A new book explores the story of Brutalist architecture in the North
Across Yorkshire, a bold architectural legacy can be found that continues to prompt debate about its merits and message decades since some of the most recognisable examples appeared.
These post-war modernist buildings, many of which were attached to the Brutalist style of design, are characterised by their reliance on utilitarian concrete, steel and glass – all clean lines and geometric shapes, the structures put the focus on each place’s primary function and were a world away from the ornate edifices of the Victorian era.
The Bank of England building in Leeds – a fortress-like structure on King Street that is a centrepiece of the city’s financial district – Huddersfield’s Queensgate Market with its innovative roof and striking ceramic mural, and Sheffield’s monolithic Park Hill estate are among those that are listed for their heritage value. All three, plus 42 other buildings across the region, are included in a new book of images by photographer Simon Phipps that is billed as the most extensive survey of its kind.
Brutal North is the result of years of work by Phipps, and while its scope encompasses Northern England as a whole, Yorkshire towns and cities loom large, making up more than a third of the volume’s content.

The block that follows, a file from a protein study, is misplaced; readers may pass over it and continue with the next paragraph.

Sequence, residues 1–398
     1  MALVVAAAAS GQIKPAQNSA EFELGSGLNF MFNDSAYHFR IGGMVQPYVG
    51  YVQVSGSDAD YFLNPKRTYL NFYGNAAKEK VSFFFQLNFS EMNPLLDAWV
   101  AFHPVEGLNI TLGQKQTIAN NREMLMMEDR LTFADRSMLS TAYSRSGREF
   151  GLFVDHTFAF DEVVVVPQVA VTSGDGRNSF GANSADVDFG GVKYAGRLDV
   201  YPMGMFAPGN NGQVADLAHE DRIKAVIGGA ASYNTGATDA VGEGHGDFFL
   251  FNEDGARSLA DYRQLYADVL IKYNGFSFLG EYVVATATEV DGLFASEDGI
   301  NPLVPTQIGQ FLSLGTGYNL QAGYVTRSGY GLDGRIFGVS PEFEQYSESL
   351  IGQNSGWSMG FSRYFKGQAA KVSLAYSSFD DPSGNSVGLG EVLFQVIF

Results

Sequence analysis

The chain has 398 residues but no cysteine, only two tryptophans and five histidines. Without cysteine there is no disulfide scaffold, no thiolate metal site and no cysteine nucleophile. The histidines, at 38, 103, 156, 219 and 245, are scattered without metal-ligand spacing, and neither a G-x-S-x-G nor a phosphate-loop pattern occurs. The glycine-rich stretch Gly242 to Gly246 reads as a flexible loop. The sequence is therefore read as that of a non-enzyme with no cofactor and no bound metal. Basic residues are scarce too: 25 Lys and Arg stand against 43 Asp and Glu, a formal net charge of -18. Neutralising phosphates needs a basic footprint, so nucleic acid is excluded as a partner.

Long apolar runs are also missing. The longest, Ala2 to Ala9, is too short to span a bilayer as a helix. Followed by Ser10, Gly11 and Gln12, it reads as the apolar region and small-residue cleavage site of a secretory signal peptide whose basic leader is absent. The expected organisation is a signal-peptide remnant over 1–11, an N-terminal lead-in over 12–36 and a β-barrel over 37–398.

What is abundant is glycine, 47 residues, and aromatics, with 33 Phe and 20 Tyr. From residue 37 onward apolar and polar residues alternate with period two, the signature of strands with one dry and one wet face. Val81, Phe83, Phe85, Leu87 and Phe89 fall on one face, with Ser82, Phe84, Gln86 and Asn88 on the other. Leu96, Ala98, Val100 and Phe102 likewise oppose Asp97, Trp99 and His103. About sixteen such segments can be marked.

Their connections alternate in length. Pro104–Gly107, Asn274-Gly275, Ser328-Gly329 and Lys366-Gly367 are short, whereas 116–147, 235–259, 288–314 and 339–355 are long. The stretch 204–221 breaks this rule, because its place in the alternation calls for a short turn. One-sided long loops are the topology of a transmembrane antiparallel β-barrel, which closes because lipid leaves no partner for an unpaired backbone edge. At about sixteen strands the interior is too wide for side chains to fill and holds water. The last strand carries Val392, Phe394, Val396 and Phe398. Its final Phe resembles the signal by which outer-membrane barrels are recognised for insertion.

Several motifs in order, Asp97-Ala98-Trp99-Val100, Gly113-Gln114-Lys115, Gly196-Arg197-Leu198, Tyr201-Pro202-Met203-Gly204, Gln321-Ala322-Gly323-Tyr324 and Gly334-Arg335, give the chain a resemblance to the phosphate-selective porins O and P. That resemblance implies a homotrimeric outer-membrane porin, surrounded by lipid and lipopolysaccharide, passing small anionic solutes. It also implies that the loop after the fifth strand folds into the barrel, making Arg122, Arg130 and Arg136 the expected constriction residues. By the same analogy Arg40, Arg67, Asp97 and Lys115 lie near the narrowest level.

“I’m very pleased to see it in print, it was a bit of a struggle to get there this year,” says Phipps, who had to navigate the worsening pandemic
and lockdown to finish the project with his publisher.
“There was no travel, and I didn’t have all the photography completed. As things eased up I had to try and fit it in, travelling round the near-empty motorways of the North.
“It was quite odd – just the feeling of being one of the only people out there. It was quite a barren time. Normally I rely on my own patience to allow people to clear out of the scene, pretty much all of my photographs are unpopulated, they’re really about the architecture.”
Each building in Brutal North is shot in stark monochrome and comes with a detailed listing explaining its origins. The citations highlight the fact that many of these schemes were instigated by local authorities for civic purposes from the 1950s onwards – Phipps says this was a response to the ‘devastation’ wrought by Second World War bombs.
“There were obviously a lot of commissioning bodies, mostly councils, who were really grasping the nettle and taking on the need to create mass housing and civic buildings,” he says. “I think it was taken very seriously, particularly in Sheffield.
“The city architects’ department under John Lewis Womersley commissioned massive amounts of building that’s still very much in evidence today such as Park Hill and Gleadless Valley. I certainly think they’ve lasted the test of time. I’ve selected buildings that have a fairly reasonable profile but also unknown buildings, and fairly neglected ones that might be a surprise for people to discover.”
The word ‘brutalism’ comes from the French béton-brut, literally meaning ‘raw concrete’ – this…